Dave Druker | 11th Street
As the Del Mar City Council debates a modification to the current no-smoking ordinance, it makes sense to look back at the history of no-smoking ordinances in Del Mar.
In 1987, former Mayor, Dick Roe, placed the Del Mar Health Initiative on the ballot. This ordinance would have outlawed all tobacco smoking on the beaches, parks, streets and sidewalks of Del Mar. At this time no-smoking bans were few and far between for any city in the whole country. Prop N at that time was turned down by the voters by a vote of about 60% against and 40% for. One of the arguments against the initiative was that it would be impossible to enforce.
In the early 1990s the City Council created an ordinance that banned smoking in restaurants, bars, offices and other enclosed areas. This was a forerunner to a state-wide ban implemented a year or so later. This ban did not include open areas in restaurants – patios, terraces, etc. At the time restaurateurs put forth the argument that it would hurt their business. In actuality, restaurant and bar business picked up as non-smokers felt more comfortable going out.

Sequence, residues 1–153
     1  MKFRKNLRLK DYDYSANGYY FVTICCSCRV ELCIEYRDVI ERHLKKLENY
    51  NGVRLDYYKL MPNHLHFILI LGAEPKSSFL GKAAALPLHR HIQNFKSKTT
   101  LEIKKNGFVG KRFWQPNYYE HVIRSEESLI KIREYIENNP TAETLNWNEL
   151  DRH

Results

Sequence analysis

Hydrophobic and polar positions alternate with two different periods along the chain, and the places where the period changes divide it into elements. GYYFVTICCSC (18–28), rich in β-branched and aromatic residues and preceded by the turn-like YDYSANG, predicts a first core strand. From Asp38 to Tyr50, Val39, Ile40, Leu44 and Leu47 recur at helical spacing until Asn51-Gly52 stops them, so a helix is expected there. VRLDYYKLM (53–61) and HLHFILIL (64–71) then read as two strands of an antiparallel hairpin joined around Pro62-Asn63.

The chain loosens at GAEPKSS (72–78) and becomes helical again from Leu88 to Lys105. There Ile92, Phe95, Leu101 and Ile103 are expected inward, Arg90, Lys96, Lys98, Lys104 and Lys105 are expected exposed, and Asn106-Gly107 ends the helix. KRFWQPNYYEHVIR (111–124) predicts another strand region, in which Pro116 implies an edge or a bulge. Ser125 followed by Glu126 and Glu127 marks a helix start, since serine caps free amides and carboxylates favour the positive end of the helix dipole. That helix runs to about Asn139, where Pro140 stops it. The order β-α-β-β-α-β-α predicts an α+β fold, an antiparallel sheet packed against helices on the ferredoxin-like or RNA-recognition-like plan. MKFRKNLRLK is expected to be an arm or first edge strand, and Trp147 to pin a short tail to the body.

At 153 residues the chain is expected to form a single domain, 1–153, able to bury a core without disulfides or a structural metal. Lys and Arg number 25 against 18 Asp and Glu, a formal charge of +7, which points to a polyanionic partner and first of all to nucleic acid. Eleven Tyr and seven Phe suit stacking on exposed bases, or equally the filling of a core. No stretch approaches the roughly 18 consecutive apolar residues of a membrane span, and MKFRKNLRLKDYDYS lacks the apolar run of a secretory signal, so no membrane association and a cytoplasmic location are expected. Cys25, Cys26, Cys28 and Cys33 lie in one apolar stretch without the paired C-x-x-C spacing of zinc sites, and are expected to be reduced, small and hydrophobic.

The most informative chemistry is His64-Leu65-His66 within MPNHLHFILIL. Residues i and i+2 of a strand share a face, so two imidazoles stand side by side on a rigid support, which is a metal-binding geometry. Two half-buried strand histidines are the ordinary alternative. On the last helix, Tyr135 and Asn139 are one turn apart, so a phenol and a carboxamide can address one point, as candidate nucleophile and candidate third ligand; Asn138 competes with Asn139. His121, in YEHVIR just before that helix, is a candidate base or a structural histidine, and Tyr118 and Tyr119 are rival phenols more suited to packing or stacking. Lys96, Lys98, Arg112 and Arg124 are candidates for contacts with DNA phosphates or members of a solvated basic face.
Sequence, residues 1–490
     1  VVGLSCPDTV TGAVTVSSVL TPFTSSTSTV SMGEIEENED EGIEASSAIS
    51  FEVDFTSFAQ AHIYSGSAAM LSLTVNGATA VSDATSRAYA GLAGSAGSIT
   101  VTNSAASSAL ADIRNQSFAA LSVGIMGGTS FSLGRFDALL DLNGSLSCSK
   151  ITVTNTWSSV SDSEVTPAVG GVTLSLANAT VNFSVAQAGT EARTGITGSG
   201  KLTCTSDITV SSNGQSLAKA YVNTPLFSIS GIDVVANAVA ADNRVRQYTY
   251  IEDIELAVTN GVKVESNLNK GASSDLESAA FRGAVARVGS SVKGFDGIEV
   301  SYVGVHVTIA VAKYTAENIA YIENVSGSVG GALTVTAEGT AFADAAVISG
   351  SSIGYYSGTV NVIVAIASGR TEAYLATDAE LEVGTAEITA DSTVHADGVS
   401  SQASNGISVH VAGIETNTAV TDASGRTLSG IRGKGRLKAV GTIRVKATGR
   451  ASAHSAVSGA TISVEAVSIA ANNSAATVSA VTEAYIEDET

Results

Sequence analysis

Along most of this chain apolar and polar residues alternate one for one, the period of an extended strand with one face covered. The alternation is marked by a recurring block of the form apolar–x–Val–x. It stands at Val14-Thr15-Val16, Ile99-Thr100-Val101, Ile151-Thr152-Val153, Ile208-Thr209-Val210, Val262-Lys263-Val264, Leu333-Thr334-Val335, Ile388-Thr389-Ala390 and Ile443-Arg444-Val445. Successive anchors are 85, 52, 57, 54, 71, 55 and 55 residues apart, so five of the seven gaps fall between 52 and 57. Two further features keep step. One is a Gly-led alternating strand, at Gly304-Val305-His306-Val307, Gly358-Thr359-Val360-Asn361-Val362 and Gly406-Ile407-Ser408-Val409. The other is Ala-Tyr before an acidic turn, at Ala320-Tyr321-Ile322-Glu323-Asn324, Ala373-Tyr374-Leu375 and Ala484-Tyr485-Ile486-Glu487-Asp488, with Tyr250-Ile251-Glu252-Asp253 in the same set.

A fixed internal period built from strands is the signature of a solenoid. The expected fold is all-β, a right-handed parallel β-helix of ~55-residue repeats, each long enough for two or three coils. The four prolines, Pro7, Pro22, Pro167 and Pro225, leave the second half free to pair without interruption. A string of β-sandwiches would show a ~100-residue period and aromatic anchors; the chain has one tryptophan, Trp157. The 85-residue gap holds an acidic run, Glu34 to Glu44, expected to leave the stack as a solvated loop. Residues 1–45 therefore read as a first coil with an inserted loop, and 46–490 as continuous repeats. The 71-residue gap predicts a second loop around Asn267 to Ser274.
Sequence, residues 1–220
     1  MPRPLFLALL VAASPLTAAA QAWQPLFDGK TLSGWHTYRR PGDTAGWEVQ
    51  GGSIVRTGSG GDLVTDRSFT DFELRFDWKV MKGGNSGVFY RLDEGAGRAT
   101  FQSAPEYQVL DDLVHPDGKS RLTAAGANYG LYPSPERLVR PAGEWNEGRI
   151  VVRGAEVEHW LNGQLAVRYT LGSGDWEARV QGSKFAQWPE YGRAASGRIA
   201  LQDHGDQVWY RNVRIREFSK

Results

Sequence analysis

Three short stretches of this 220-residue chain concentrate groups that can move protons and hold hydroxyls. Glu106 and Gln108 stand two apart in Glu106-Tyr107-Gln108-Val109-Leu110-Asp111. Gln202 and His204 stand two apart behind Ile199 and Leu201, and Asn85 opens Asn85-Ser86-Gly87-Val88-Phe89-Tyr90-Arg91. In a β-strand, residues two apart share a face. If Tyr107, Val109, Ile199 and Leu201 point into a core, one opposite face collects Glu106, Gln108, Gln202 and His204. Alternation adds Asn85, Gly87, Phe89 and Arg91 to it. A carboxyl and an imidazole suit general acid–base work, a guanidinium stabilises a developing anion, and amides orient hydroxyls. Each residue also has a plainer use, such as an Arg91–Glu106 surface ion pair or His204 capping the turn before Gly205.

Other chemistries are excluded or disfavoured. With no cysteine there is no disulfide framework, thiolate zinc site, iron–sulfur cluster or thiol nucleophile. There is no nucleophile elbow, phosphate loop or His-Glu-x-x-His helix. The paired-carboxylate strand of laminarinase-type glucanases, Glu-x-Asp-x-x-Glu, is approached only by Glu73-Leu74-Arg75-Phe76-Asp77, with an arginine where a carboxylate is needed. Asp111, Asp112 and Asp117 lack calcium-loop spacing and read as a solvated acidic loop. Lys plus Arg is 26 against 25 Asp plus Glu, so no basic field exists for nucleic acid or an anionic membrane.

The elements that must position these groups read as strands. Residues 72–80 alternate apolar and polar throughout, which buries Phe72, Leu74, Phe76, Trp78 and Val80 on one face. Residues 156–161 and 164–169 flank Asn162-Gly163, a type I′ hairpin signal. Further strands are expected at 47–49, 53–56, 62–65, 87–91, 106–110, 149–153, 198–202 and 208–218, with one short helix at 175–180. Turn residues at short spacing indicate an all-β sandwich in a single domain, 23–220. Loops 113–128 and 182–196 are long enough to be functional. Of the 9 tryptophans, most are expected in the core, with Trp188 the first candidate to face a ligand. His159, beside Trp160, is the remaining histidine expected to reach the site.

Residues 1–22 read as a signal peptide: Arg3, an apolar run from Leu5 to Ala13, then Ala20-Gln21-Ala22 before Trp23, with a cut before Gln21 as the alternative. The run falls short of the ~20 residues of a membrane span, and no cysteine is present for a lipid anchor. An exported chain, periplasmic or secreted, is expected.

In 2005, the City Council expanded the ordinance to include beaches, parks and street ends. One of the major rationales for this expanded ban was the mess that cigarette butts were creating in these spots. Thanks to Keep Del Mar Clean, specially designed trash receptacles have been installed all over Del Mar to keep the “butts” from being dropped on the street and beaches.
Now that we have more sidewalk cafes, there is a call to ban smoking on the streets and sidewalks. This looks like déjà vu all over again.
In a recent article by Logan Jenkins (August 9, 2009, Union Tribune), while both praising and lambasting Del Mar, he did have a recommendation for solving two problems with one ordinance – ban smoking while driving through Del Mar. If 20% of the population smokes, then we could cut traffic by 20%?
As I have stated in the past, politicians can try to ban cancer, but only scientists and physicians can cure cancer – my brother Brian and I are a perfect example of this.